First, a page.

As the Service of Holy Communion as the creeds move quickly from the first baptismal formula we begin the service. culminates in the consecration and receparticle expounding the work of the Father Those baptismal words are a shorthand tion of the Lord’s body and blood for the to the work of God the Son, so the Gloria form for the entire Apostles’ Creed, the forgiveness of our sins, careful readers of move quickly into the praise of the Lord creed that summarizes the Christian faith the creeds will point out that there is nothfor our salvation. Christ our Lord is the in the Rite of Holy Baptism. What is the ing about the Sacrament of the Altar in only Son of the Father. It is He who takes faith, the belief, the teaching into which our creedal formulations. How could such away the sin of the world and having done the candidate is being baptized? Here it is an important teaching of our faith by so sits at the right hand of the Father. The summarized in the Apostles’ Creed. It is ignored by omission? It is suggested by import of the teaching of our creeds on imposed and given in the dominical some scholars of the creeds that our Engsalvation is expressed in this summary words, “In the name of the Father, of the lish translations may have led us in a manner. Again, the person of the Holy Son, and of the Holy Spirit.’ With those wrong direction. When we confess, “I Spirit is set forth in praise as He is linked creedal words the service begins. believe in the holy Christian Church, the to Jesus Christ in the glory of God the The litany form of the Kyrie (“Lord communion of saints ... ” we may in fact Father. The teaching of the creeds have mercy”) expresses several parts of be speaking about the sacraments. While becomes confession and praise on our lips creed in the language of praise. “For the we let the scholars argue about masculine in the words of the Gloria. peace from above and for our salvation, or neuter gender, we understand that the While the Proper Prefaces in the Serlet us pray to the Lord.” Those words take Words of Institution take us back to the vice of Holy Communion focus on varius to the middle of the Nicene Creed, second article and summarize “Who for us men and for our salChrist’s saving work for us. vation came down from heaven The service began with ... “ Here the work of redemption If we examine the Divine Service we discover the baptismal formula summary is expounded. that creed and praise of the Lord do go of the creeds, “In the name of The litany continues, “ ... for the Father and of the Son and of together. The service is an exposition or the well-being of the Church of the Holy Spirit.” The service God ... “ propelling us into the expansion of the creed, or put another way, ends in a similar fashion. It third article and the work of the the creed summarizes what we have been takes us back to the Old TestaHoly Spirit who fills the “one, singing and praying through the entire ment to the very words that the holy, Christian and apostolic Lord gave to Aaron the first Church” with His power and Divine Service. high priest with which he was to presence. That same thought is bless the people of Israel. We continued in the next petition close with those same words of which prays for the local assemblessing, a triple-fold use of the Lord’s ous aspects of our Lord’s saving work for bly of believer, that is, “this holy house name. “The Lord bless ... the Lord make us, the expressions of our praise are in and all who offer here their worship ... the Lord lift up His countenance and words that echo and re-echo the language and praise.” give you peace. Amen.” Amen, so be it. of the creeds. Witness these examples: It is in the Gloria in Excelsis (“Glory to At the end of the creeds we shout that mystery of the word made flesh; being God in the Highest”) that we see the same word, Amen. So be it! So we found in fashion as a man; on the tree of welding of creedal expressions of praise believe. So we worship. Orthodox— the cross you gave salvation; has taken and thanksgiving. In the Gloria the work right praise which leads us to right belief away the sin of the world; in their sight of salvation is presented to us in the form and confession. was taken up to heaven; poured out on of thanksgiving as it reflects the creeds of this day as He had promised the Holy the church. The work of the Father as the The Rev. Dr. Roger D. Pittelko is Adjunct Spirit. In the confession of the only true Creator/King is expressed in one short Professor of Pastoral Ministry & God, we worship the Trinity in person and phrase, “Lord God, heavenly king, Missions at Concordia Theological Unity in substance. Here creed and praise almighty God and Father.” As the Nicene Seminary, Fort Wayne, Ind., and former fuse into one song of thanksgiving to Creed says it, “I believe in God the Father, District President of the English District the Lord. almighty maker of heaven and earth.” Just of the LCMS JANUARY 1999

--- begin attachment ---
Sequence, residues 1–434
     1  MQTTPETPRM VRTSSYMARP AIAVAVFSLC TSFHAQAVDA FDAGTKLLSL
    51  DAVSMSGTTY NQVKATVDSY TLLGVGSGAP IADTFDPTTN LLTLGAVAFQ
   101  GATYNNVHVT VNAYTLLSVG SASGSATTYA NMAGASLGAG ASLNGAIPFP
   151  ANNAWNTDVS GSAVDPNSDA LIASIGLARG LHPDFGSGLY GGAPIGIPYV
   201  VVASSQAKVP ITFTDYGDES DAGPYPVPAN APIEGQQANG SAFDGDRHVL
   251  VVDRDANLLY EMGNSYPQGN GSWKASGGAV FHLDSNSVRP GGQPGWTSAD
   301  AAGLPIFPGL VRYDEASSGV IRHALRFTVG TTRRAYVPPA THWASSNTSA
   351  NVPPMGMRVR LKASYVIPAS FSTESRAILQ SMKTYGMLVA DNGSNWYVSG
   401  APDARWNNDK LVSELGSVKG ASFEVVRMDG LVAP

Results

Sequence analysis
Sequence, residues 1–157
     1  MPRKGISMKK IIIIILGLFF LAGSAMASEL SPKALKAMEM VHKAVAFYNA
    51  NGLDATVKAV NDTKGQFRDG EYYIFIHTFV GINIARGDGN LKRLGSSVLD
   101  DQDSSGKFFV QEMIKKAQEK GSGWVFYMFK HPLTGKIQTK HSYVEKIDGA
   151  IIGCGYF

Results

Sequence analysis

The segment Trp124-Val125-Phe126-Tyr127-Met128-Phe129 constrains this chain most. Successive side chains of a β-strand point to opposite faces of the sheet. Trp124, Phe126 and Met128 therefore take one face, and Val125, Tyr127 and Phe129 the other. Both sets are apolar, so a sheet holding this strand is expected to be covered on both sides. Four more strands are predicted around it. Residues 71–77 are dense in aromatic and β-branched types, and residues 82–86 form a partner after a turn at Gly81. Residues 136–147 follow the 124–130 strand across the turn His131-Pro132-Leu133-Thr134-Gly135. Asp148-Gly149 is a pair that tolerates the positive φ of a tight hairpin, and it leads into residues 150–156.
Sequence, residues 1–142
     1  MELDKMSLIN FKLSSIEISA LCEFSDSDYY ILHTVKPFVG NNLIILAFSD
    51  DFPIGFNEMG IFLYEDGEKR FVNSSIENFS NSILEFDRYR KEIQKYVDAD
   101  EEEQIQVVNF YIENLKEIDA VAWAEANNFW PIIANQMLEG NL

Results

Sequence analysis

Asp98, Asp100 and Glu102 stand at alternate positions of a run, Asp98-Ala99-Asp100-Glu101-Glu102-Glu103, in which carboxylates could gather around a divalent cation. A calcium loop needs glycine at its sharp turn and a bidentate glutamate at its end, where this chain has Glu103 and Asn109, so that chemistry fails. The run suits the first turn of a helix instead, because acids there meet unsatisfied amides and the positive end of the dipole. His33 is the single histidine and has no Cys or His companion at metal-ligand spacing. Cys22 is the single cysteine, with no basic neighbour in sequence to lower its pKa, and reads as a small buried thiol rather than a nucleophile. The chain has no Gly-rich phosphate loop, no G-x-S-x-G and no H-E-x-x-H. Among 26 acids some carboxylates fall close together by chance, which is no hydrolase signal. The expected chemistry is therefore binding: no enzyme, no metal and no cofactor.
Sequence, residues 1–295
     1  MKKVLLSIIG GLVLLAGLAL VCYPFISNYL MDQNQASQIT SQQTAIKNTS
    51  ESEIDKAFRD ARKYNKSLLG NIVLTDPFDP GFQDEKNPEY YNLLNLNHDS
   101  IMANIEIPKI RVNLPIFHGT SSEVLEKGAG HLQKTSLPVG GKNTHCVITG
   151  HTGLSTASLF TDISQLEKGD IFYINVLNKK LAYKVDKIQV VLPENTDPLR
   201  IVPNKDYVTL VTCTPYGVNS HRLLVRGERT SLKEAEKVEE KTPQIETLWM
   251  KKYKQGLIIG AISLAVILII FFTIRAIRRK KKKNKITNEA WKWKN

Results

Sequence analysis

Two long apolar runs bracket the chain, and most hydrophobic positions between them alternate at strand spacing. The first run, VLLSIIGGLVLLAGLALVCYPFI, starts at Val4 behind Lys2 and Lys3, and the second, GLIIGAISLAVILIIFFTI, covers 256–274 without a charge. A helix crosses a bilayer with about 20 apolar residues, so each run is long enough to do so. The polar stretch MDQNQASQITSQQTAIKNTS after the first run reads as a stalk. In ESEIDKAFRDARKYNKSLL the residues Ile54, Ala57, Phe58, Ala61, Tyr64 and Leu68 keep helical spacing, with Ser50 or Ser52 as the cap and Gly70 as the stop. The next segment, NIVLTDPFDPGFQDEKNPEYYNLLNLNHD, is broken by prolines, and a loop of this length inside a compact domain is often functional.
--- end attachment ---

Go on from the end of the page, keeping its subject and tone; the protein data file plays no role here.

In the